Shotgun's stock should be right size

| Friday, Oct. 7, 2005

As far as some small game hunters think, a shotgun's stock is little more than just a piece of wood.

The conventional shotgun stock, especially in years back, was 14 inches or more long including a rubber pad of some type to cut down the recoil. This length of stock is basically too long for many small game shooters.

So, while a stock may look simple, it is really quite complex. There's more to a stock than meets the eye. Here's what I mean.

A stock can be designed for a variety of shooting types. Trap and skeet shooters are probably the most fussy about their stocks, but this doesn't mean the rabbit and grouse hunter should simply accept a stock as it comes from the factory.

A stock consists of a wide variety of measurements.

There are such things as cast on, cast off, comb, drop and pitch. Each one of these ingredients plays a major role in where the shot charge impacts.

Cast on is that distance which the butt plate is offset to the left of the line of sight. Cast off is the same as cast on except the butt plate is moved to the right of the line of sight, For instance, for many women, the toe of a stock should be cast off to some degree on account of their breasts.

Basically, it's the build of a person that determines how much cast on or cast off is needed.

The comb is the upper edge or part of the buttstock. Properly slanted, it guides the eye, to the line of aim. Many of today's rifles come with high combs to lift the shooter's face in alignment with a scope.

We do not hear much about comb thickness or width. The thickness of the comb is governed somewhat by the thinness or thickness of the shooter's face. Some shooters have narrow faces while others have wide faces.

I doubt if comb width is of any real degree of importance of a hunting gun. Competitive shooters pay a great deal of attention to the thickness of the comb, but they are shooting from a solid stance at targets that travel the same angles and heights.

A grouse hunter never knows what the next shot will, be like.

Drop is a controversial subject. Shotguns built in the gas light era had too much drop.

Drop is the distance downward from the line of sight.

To make this a little easier to understand, simply draw an imaginary line along the top of the barrel back to the end of the stock.

The distance from that line down to the heel of the stock is the amount of drop. Drop is measured at two places on the stock; at the comb and at the heel.

The measurement for comb height is taken just above the end of the pistol grip. It's important to have the correct amount of drop to enable the shooter to see directly along the top of the barrel.

Pitch is particularly important in shotguns since the point of impact can be raised or lowered by altering the slant of pitch.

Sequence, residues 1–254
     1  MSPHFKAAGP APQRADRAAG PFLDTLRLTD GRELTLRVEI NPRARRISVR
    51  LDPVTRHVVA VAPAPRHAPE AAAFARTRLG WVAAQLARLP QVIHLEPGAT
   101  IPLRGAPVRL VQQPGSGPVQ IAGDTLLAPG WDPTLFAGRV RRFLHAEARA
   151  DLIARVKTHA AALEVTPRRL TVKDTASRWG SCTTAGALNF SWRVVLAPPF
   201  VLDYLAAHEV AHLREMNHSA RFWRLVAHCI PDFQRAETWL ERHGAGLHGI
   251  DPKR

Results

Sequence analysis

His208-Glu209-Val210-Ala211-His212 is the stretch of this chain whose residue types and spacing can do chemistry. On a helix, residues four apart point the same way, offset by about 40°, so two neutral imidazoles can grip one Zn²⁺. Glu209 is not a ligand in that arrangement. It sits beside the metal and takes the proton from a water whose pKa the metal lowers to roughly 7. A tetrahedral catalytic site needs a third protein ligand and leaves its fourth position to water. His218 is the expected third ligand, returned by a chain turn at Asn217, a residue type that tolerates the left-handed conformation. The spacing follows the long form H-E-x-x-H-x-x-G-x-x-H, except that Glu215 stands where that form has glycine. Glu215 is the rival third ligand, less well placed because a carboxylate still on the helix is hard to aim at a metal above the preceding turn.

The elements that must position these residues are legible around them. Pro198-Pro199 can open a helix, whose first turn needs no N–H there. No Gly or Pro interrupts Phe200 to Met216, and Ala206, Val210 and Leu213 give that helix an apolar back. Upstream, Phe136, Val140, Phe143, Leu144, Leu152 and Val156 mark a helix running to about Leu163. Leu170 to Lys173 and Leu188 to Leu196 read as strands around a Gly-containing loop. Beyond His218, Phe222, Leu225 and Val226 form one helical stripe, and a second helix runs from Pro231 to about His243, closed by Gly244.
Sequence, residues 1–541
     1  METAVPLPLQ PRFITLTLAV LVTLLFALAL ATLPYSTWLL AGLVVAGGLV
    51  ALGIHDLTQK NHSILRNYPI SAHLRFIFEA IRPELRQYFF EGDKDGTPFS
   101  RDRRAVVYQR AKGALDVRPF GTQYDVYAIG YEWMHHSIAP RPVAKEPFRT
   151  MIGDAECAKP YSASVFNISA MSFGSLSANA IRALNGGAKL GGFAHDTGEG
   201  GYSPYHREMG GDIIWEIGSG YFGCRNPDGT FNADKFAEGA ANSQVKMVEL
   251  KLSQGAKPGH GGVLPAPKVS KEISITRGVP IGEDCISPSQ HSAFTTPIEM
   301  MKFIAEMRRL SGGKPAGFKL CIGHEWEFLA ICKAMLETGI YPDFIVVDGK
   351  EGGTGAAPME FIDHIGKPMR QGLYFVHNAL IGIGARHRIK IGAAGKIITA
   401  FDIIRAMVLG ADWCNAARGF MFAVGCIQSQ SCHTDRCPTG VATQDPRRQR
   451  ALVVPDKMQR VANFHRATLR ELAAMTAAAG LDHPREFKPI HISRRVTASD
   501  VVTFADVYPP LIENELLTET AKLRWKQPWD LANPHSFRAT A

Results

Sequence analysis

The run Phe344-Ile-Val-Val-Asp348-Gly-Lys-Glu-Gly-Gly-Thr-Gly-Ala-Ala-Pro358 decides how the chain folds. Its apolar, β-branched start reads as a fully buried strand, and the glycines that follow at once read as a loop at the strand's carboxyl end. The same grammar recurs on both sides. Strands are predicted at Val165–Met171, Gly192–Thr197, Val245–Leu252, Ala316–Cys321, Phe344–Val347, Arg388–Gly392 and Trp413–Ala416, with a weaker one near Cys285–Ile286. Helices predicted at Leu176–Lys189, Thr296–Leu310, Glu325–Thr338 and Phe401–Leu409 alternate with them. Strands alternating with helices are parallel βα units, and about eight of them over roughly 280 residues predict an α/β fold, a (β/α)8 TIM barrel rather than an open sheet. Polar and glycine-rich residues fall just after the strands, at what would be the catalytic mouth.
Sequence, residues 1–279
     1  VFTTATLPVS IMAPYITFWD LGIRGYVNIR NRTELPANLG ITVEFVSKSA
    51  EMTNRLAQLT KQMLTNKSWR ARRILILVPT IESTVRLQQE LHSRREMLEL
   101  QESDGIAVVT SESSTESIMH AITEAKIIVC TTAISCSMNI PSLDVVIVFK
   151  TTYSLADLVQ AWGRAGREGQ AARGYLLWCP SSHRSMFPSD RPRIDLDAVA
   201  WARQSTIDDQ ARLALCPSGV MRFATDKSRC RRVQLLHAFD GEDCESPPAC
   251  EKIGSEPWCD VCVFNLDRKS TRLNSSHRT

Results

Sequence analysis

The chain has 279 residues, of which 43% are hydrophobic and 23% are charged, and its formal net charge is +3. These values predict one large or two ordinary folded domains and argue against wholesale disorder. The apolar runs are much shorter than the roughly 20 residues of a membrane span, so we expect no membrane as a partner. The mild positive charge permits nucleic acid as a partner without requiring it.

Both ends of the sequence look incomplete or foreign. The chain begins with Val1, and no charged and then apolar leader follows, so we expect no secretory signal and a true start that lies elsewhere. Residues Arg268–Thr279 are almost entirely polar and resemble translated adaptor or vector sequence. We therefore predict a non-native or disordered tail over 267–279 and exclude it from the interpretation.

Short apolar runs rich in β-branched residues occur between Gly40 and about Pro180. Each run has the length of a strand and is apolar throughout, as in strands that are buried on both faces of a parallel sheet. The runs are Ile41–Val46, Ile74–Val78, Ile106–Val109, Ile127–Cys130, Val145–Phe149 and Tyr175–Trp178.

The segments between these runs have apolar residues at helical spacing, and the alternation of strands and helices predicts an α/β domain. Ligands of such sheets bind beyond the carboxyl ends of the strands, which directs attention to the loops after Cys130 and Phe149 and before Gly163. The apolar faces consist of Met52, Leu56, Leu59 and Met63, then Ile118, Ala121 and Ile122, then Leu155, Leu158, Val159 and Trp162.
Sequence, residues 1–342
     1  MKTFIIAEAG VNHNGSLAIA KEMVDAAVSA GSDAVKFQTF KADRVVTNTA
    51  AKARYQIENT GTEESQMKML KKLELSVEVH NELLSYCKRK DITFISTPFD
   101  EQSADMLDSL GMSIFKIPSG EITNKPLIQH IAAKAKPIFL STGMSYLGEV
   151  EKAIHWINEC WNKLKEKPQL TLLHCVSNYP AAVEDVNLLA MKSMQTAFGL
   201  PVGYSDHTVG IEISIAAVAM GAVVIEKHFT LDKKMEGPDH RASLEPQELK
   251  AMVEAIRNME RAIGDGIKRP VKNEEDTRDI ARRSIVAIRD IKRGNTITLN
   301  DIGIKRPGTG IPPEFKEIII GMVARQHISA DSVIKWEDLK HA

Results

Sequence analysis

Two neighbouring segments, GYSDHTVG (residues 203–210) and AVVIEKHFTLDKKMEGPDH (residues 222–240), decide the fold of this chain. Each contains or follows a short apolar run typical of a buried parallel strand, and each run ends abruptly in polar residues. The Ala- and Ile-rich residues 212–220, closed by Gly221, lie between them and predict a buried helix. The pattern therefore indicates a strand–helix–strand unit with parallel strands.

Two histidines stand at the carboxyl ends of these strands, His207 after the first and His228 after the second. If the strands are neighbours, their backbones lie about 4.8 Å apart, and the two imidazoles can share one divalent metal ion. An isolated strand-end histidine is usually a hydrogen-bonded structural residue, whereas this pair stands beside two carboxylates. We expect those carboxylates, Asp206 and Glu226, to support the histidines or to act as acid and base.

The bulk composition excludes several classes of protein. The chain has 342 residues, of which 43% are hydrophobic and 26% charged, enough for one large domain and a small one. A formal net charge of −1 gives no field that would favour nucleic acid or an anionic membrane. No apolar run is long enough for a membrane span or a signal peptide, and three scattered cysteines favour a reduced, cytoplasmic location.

Shotguns that shoot high are classified as having a Long Toe or a small amount of pitch down. To measure for this, place the butt of the shotgun flat on the floor next to a wall. Move the shotgun against the wall until contact is made in the receiver area. The distance between the muzzle and the wall is the amount of pitch down.

It's true that competitive shooters worry continuously about all these stock ingredients.

They are constantly changing comb height, thickness, and pitch.

It's just as true that the average small game hunter seldom touches a stock except to put a coat of finish on it every 10 years of so.

That sad part about this attitude is that a stock that doesn't fit will make the hunter miss in the field.

Some hunters have used a too-long stock for years because they believe cutting an inch or so from the stock will damage it or be detrimental to the balance of the shotgun. This is not true.

I hunted for years with a small game hunter who had a too-long stock but adamantly refused to have it shortened. His argument was based on the false belief that the factory knows best. He claimed if the stock should be shorter, the factory would have made it shorter.

If he would have listened to sound advice, his success ratio in the field would have gone up dramatically.

The next time you pick up your small game hunting shotgun, take a long look at the stock. Keep in mind, it is not just apiece of wood.

If you have any doubts the stock is not correct for you, check it out with a stock maker.

It might be the smartest move you ever made.

(Don Lewis is a longtime outdoor writer for the Leader Times and other publications as well as the author of several books. His column appears each Friday on the Armstrong Afield page in the Leader Times.)

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